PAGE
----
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Summer Degree Congregations 2013 - Monday 15

Monday 15 July 2013

GraduationCongratulations to all our graduands from the following Faculties, who are receiving their degrees today:

Morning ceremonies @11am
  • Computer Science
  • Centre for Scientific Computing
  • Institute of Education
  • Institute for Employment Research
  • Physics
Afternoon ceremonies @ 3pm
  • History
  • Comparative American Studies
  • French
  • German
  • Italian
  • Theatre Studies

We hope you have a wonderful day!

We would also like to pass on our congratulations to Professor Leslie Valiant, Professor Jan de Vries and Mr Dominic Cooke, our Honorary Graduands, and to our Outstanding Student Contribution Awards winners: Siraj Datoo, French with International Studies, and Sophie Potter, Italian.


Today's Honorary Graduands


Leslie Valiant

Leslie Valiant, Honorary Doctor of Science (11am)

Leslie Valiant was educated at King's College, Cambridge; Imperial College, London; and at the University of Warwick, where he received his PhD in computer science in 1974. He is currently T. Jefferson Coolidge Professor of Computer Science and Applied Mathematics in the School of Engineering and Applied Sciences at Harvard University, where he has taught since 1982.

His work has ranged over several areas of theoretical computer science, particularly complexity theory, learning, and parallel computation. He also has interests in computational neuroscience, evolution and artificial intelligence. Leslie is the author of two books, Circuits of the Mind, and Probably Approximately Correct.

He received the Nevanlinna Prize at the International Congress of Mathematicians in 1986, the Knuth Award in 1997, the European Association for Theoretical Computer Science EATCS Award in 2008, and the 2010 A. M. Turing Award. He is a Fellow of the Royal Society (London) and a member of the National Academy of Sciences (USA).



Jan de Vries
Jan de Vries, Honorary Doctor of Letters (3pm)

Jan de Vries studied at Columbia University and Yale, where he achieved his History PhD. At Yale, Jan studied with William Parker and Harry Miskimin. After working at Michigan State University, he joined the University of California at Berkeley, where he remains, holding the Sidney Hellman Ehrman Chair in European History and appointment in the Economics department.

His research interests have included European agrarian history, historical demography and urbanisation, environmental and climate history, and, most recently, the history of consumer behaviour. He has written six books, and co-edited four.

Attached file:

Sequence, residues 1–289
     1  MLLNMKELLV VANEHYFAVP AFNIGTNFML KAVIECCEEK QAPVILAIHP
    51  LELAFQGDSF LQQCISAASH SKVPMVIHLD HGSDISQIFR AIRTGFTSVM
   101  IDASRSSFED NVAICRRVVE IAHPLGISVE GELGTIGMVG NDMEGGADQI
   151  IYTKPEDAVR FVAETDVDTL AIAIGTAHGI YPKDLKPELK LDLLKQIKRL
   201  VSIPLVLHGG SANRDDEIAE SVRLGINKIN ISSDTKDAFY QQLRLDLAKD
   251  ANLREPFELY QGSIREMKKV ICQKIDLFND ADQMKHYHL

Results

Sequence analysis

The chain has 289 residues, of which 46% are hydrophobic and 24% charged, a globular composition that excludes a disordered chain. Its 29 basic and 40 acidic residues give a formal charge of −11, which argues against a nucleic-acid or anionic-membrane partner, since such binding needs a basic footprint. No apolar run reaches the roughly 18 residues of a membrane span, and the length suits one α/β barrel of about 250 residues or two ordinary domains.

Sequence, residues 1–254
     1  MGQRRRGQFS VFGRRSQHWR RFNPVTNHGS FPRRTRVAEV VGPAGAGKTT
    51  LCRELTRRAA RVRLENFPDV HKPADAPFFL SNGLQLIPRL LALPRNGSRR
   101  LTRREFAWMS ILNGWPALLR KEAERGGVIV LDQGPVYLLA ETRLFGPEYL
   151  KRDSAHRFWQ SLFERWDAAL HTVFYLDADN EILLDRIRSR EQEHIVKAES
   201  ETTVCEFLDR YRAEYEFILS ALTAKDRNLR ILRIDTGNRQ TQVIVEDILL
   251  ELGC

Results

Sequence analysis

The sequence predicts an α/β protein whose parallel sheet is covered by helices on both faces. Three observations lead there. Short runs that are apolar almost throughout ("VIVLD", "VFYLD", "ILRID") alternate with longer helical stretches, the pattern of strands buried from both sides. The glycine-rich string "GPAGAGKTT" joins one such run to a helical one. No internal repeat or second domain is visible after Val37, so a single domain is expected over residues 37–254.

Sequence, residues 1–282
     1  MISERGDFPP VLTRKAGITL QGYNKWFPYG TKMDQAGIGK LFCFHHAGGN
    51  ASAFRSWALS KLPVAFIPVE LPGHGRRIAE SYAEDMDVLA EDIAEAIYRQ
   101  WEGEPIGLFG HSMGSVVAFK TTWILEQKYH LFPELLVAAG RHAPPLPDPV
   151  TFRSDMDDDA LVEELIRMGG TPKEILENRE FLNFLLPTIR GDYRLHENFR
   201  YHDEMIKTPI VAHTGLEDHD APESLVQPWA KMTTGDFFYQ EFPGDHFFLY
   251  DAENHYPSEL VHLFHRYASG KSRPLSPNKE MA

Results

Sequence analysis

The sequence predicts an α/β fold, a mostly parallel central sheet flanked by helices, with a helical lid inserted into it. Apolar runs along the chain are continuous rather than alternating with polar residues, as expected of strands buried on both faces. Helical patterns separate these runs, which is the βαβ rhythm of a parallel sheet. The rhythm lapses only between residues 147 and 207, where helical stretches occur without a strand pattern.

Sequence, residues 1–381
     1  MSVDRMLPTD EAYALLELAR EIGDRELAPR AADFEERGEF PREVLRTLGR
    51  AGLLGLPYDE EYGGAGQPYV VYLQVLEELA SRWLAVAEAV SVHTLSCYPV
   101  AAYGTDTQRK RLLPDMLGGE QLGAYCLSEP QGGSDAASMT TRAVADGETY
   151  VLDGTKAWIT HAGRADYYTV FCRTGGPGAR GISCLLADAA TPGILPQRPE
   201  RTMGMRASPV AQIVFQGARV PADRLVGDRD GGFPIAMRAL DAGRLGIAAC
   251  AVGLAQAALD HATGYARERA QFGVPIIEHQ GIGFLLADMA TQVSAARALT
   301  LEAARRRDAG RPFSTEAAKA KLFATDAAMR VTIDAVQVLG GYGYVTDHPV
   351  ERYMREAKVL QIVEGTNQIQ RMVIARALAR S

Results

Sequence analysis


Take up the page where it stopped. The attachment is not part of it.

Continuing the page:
Jan is a past president of the Economic History Association and was editor of the Journal of Economic History. He has Woodrow Wilson and Guggenheim fellowships and has held visiting fellowships to the Netherlands Institute for Advanced Study, the Getty Center for the History of Art and the Humanities, and All Souls College, Oxford. He is a member of the American Academy of Arts and Sciences, the American Philosophical Society, the British Academy, the Royal Netherlands Academy of Sciences, and the Flemish Academy of Sciences of Belgium. He is the 2000 recipient of the A.H. Heineken Prize in History.












dominiccooke150.jpg
Dominic Cooke Hon DLitt (Honorary Doctor of Letters) (3pm)

Dominic Cooke is an actor and producer who studied at the University of Warwick. Dominic founded a production company which he ran for two years until he joined the Royal Shakespeare Company as an Assistant Director. He joined London’s Royal Court Theatre as Associate Director in 1999 and then worked as Associate Director of the RSC between 2002 and 2006.

Dominic took on the role of Artistic Director at the Royal Court Theatre in 2006. He joined at a time when the Theatre had been accused of ‘losing its way’, so he promised to refocus its efforts. And his work paid off. His departure earlier this year prompted a stream of positive publicity about what he had achieved.

Dominic received Laurence Olivier awards for Best Director and Best Revival for The Crucible in 2007; TMA award for Arabian Nights in 2000; and a Fringe First award for Autogeddon in 1991.




Outstanding Student Contribution Awards 2013 winners